The beef industry is focused on building demand, both domestically and internationally, as record amounts of protein now are being produced.
The U.S. beef herd has been slowly growing since the 2014-15 drought years. So, the recent news that Japan has agreed to lift age restrictions on U.S. beef is welcome. The new market access, according to USDA estimates, could boost beef exports by $200 million per year.
The announcement follows a meeting between USDA Secretary of Agriculture Sonny Perdue and Japanese government officials who discussed the importance of science-based trade rules. The new terms, which took effect immediately, allow U.S. products from all cattle — regardless of age — to enter Japan for the first time since 2003.
Japan, one of the largest importers of beef in the world, already is considered the largest customer of U.S. beef — purchasing $1.5 billion in 2017, according to the American Farm Bureau Federation. Japan’s household consumption rate of beef continued to trend upward in 2018 with monthly per-capita consumption 7.2% above 2017 rates.
“International trade and removing nontariff trade barriers are really important, as $350 of the value in a fed animal is attributed to being able to export,” says George Quackenbush, executive director of the Michigan Beef Industry Commission. “Japan is a top market with great potential for cattle over 30 months of age.”
But even with the barriers removed, major beef competitors such as Australia and New Zealand still have an advantage in terms of lower tariffs through the 11-nation Comprehensive and Progressive Agreement for Trans-Pacific Partnership — the U.S. is not a member.
“We’re hoping that bilateral trade talks will help to get tariff rates reduced to put us on par with TPP,” Quackenbush adds. “Japan is our largest beef export market. In 2017, 25% of our exports were to Japan with a $9 billion value — and that was with a 38.5% tariff rate.”
Japan isn’t the only major player in beef trade agreements. “The new United States-Mexico-Canada Agreement is key and eyes around the world are looking at it,” Quackenbush says. “Both Mexico and Canada are in our top five export markets. It is critical for our industry.” The USMCA has been signed, but it has yet to ratified and implemented.
And as countries around the globe enter the middle class, improve their diets and consume more protein, “trade agreements will have long-term impacts for our industry,” Quackenbush says. “We need to think about the next generation. The things we are working on right now can provide opportunities for beef producers into the future.”
For cattle farmers in Michigan and Wisconsin, an increase in export markets and potentially prices would be welcome after the past couple of years of declining pricing.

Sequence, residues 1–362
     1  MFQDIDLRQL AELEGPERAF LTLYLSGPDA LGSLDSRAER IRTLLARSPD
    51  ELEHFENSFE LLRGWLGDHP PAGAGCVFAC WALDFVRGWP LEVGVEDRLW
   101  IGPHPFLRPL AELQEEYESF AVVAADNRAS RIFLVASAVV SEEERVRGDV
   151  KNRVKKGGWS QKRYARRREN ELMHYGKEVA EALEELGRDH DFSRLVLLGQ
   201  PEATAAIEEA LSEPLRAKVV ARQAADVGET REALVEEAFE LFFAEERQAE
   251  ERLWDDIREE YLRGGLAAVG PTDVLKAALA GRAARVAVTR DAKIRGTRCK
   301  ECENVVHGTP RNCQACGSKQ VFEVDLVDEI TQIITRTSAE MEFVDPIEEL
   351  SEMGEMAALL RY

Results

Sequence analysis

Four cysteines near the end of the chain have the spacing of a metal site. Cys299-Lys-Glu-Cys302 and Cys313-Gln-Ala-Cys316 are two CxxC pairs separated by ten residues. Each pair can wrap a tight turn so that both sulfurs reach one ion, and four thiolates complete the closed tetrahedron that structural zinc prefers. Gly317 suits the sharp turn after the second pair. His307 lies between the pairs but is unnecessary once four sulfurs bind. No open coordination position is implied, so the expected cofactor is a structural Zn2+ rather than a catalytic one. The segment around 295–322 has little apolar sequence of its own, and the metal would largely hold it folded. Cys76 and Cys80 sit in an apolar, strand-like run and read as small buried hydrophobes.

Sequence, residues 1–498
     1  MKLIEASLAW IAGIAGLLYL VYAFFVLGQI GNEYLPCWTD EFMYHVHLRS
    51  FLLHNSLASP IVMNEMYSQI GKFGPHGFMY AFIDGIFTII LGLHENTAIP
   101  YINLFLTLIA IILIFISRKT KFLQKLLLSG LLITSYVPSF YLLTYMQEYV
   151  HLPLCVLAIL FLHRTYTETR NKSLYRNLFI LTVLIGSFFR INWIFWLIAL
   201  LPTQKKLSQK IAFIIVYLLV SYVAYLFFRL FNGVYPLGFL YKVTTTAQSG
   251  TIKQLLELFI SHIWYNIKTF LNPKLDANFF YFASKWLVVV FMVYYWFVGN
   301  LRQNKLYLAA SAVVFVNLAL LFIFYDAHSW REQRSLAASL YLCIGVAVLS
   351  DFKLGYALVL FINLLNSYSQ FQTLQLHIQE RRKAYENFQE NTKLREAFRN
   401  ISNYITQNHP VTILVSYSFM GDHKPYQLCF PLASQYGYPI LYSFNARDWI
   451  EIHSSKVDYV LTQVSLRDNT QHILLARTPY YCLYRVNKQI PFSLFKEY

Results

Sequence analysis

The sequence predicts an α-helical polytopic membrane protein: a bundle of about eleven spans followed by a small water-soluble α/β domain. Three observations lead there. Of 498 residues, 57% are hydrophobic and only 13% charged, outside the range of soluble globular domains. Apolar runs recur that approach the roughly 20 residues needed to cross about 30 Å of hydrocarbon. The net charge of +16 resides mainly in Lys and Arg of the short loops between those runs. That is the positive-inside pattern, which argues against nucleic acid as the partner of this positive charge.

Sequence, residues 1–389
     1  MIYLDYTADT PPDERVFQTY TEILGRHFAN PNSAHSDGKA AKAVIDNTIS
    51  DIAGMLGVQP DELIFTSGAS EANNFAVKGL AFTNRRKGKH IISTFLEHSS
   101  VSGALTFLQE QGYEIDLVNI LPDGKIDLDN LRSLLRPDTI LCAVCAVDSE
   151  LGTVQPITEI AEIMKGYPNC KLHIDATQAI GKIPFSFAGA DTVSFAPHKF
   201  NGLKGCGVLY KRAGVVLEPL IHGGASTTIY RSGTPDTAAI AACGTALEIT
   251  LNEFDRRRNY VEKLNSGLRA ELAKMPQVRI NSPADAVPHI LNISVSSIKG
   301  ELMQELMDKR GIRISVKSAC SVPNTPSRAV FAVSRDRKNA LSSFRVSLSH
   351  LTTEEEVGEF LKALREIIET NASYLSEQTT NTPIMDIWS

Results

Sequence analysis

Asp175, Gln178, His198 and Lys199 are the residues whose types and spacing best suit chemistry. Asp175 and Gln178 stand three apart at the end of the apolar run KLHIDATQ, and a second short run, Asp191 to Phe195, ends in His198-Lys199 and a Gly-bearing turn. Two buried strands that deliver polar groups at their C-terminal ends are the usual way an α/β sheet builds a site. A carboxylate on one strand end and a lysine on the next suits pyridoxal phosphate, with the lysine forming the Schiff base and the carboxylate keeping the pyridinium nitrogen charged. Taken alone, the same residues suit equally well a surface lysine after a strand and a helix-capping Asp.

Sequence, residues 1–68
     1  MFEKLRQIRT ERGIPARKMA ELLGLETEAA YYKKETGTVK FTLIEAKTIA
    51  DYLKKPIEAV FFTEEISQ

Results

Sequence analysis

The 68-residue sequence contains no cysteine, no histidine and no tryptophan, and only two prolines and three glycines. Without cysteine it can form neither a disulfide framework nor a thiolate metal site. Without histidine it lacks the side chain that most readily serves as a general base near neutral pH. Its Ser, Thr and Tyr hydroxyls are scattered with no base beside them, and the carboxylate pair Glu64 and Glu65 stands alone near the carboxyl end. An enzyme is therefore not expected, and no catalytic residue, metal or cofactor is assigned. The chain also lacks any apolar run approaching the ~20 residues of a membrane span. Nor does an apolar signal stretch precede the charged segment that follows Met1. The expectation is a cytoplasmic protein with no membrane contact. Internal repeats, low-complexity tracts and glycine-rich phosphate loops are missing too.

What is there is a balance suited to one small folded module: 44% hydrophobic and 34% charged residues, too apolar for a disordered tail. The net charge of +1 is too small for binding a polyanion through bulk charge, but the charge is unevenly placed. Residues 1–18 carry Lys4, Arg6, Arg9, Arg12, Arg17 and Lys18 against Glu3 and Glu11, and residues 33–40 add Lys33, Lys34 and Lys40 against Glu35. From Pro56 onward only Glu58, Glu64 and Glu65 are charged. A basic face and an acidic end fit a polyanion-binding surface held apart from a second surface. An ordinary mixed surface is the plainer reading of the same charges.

“Our livestock farmers, like most of agriculture, are learning to adapt to the many factors impacting their operations — from weather and market prices to trade and policy developments,” says Jeff Sommerfield, vice president of commercial lending for GreenStone Farm Credit Services. “Our customers have exhibited the discipline and dedication to meet the challenges before them with Greenstone positioned to offer an array of products and services, to help them be successful now and in the future.”
Building domestic demand
The beef checkoff program, both nationally and at the state level, acts as a catalyst for change and is designed to stimulate beef sales and consumption through a combination of initiatives, including consumer advertising, research, public relations and new-product development.
“We are very consumer focused, as we need to make sure beef is hitting the mark,” Quackenbush says.
That includes making sure beef is responsibly raised, he adds, and noting that it is packed with nutrients, supplies a good eating experience and can fuel active, healthy lifestyles.
“We have millennium parents — people born between 1980 and 2000 — who are starting families. What protein choices are they going to make?” Quakenbush asks. “In Michigan, for the last couple years, we have advertised on YouTube because that’s where they go to get information.”
The popular “Beef. It's What's For Dinner” campaign continues to engage consumers by providing information on the web by supplying recipes, recommending cuts of meat, cooking instructions and more.
The national campaign now includes a digital assistant called “Chuck Knows Beef.” The app can be downloaded on Amazon Alexa or Google Home Assistant.
“We know that 50% of homes have one of those devices and often in the kitchen,” says Quakenbush, adding that Chuck can provide all the information found on “Beef. It’s What’s For Dinner.”
To learn more about the beef checkoff and the work being done there, visit mybeefboard.org.